While chronicling his on-the-road essentials for GQ, actor Simu Liu took a moment to list the Asian snacks he just can't live without.
Liu, who introduced audiences to Marvel's first Asian superhero in the recently released box-office hit "Shang-Chi and the Legend of the Ten Rings," said that he was on a mission to "demystify" the snacks that he had grown up loving.
"So many Asian kids, like myself, when we brought these snacks to school, we used to get made fun of because the kids wouldn't know what they were," Liu said. "So now we're here to demystify them."
Liu showed off snacks like "absolutely delicious" shredded squid and the "delicious, iconic" White Rabbit Candy, as well as the "lunchbox staple" that is Vita's Lemon Tea Drink. Liu also included Japanese rice crackers, which he described as "wonderfully sweet, savory" snacks that resembled rice cakes and, of course, Pocky, the flavor-coated biscuit sticks.
"These are sweet, they're delicious, they're crunchy," Liu said of the Pocky, before chowing down on one. "Just how I remember them."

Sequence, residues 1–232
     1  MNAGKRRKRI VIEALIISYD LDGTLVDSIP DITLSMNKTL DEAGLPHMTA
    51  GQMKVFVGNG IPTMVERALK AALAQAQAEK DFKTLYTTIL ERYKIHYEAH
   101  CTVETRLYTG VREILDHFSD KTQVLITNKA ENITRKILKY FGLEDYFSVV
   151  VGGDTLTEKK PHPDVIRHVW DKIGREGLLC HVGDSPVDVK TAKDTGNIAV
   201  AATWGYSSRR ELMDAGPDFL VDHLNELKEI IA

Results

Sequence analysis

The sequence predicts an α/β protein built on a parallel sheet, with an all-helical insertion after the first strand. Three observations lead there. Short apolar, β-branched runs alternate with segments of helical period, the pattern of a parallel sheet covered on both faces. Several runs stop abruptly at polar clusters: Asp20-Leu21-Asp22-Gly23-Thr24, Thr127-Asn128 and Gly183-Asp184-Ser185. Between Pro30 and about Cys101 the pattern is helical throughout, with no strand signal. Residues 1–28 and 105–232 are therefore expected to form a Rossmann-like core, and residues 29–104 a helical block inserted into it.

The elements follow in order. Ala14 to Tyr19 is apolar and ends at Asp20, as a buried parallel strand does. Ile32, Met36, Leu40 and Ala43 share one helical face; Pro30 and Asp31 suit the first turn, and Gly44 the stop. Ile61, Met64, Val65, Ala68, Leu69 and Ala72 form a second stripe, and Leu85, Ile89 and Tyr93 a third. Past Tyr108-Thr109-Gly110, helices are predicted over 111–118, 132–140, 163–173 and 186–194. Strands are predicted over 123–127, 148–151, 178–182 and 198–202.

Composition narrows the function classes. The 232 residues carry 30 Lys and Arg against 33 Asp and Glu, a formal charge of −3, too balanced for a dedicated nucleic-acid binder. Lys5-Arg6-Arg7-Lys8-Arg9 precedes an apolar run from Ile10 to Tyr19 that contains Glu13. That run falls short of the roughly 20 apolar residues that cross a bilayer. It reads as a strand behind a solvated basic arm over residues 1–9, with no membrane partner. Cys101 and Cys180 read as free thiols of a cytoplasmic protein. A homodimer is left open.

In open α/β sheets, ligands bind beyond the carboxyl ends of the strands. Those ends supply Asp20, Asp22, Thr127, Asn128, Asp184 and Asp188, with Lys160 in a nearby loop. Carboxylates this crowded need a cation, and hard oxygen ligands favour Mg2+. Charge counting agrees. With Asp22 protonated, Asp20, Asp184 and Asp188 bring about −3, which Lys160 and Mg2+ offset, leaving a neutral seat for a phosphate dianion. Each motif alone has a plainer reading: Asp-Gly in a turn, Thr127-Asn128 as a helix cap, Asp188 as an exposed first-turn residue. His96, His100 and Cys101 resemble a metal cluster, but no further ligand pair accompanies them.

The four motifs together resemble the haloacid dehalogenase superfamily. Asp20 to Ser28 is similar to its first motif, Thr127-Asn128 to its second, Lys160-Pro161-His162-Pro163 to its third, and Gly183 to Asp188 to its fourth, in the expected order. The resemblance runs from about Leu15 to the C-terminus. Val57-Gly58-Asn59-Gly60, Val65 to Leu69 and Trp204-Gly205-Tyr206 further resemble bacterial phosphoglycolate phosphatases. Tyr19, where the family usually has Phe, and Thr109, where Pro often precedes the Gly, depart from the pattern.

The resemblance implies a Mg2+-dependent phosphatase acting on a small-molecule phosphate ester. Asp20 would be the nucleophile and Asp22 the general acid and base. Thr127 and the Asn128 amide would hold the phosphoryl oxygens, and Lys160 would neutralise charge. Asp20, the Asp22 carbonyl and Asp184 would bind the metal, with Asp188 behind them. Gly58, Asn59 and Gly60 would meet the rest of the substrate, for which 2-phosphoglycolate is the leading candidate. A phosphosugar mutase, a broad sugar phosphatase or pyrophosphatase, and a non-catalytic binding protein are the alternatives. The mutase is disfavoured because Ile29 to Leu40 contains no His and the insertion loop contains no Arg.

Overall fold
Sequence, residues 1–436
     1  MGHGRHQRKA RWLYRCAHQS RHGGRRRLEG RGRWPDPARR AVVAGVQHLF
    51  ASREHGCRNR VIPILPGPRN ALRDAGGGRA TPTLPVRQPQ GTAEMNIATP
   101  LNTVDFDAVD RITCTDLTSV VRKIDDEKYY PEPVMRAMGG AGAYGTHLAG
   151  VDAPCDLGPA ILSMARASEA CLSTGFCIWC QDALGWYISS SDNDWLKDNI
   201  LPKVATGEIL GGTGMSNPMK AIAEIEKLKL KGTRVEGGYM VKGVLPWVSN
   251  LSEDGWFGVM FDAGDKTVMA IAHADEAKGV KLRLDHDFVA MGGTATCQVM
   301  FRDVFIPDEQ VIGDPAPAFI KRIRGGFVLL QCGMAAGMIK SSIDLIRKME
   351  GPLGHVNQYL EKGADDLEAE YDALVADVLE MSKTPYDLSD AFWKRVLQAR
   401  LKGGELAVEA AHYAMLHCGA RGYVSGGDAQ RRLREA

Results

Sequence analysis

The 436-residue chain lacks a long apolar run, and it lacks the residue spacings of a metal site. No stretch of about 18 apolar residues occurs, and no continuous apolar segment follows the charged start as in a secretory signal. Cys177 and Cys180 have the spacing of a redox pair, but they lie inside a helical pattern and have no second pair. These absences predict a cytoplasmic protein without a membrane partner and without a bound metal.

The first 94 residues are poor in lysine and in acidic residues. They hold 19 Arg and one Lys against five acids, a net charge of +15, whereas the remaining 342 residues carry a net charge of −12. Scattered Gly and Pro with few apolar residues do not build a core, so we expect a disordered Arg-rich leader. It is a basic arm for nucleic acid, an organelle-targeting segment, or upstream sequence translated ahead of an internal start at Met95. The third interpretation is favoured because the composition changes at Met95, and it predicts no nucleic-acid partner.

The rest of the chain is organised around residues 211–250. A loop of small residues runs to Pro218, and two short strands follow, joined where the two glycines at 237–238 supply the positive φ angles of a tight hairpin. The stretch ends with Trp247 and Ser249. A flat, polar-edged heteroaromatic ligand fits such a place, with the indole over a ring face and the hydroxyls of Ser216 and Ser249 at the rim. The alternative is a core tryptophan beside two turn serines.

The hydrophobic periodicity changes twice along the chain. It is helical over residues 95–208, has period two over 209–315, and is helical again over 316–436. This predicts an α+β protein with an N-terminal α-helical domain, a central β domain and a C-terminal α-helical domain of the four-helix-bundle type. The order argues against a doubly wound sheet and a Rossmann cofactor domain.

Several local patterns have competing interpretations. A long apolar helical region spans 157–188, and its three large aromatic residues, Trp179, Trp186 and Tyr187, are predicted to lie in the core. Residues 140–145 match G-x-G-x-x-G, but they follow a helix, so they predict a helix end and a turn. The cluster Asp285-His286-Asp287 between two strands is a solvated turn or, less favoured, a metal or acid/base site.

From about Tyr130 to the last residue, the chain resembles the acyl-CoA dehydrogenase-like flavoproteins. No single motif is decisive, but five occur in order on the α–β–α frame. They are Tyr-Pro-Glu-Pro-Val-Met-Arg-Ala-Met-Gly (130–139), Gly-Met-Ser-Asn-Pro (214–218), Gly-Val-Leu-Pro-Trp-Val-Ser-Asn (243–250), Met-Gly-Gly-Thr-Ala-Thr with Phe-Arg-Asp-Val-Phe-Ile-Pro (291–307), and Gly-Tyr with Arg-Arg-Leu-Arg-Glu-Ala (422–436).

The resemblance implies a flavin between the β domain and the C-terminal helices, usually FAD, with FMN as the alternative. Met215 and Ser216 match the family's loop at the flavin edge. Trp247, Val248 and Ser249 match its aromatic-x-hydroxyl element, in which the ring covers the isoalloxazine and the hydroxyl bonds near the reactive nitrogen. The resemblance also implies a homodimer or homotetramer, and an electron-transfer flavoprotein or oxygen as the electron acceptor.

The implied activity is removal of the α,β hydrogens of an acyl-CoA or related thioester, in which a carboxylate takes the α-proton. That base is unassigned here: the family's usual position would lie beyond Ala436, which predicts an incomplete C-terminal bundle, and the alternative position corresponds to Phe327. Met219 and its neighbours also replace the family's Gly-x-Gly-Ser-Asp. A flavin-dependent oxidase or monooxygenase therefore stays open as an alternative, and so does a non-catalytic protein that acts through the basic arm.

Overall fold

Liu ended the list of snacks with his "personal favorite": shrimp crackers.
"Shrimp crackers are actually exactly what I was eating when I got the call that I was going to play Shang-Chi," said Liu. "I had just woken up from a nap, it was about 6:30 in the evening, I was eating some shrimp crackers at my desk, and I get a call from an unknown number in Burbank, California, and my heart immediately skips a beat because I know the Disney head office is in Burbank."
"I had a feeling this was going to be the call, so I picked up the phone, and (heard Marvel Studios president) Kevin Feige's voice on the other end, telling me I was going to be Shang-Chi," Liu continued. "I basically realized that my life would be changed forever."
Liu, who also starred in the popular Canadian sitcom "Kim's Convenience," told NBC Asian America in June that he was excited to celebrate his culture and play Marvel's first Asian superhero.
"We have a lot of heroes. We have Asian heroes, we have Asian American heroes, men, women, of all ages, and not all of them do martial arts," he said. "But that doesn't mean that they don't have their own arcs, their own stories, their own subtleties and nuances. And I think that's what's important."
In the GQ video, Liu took a moment to note that representation is more than seeing himself and other Asian actors in movies and on TV.
"Representation matters," Liu said. "It’s about more than just actors on a screen. It’s about snacks, it’s about food, it’s about culture in every possible way."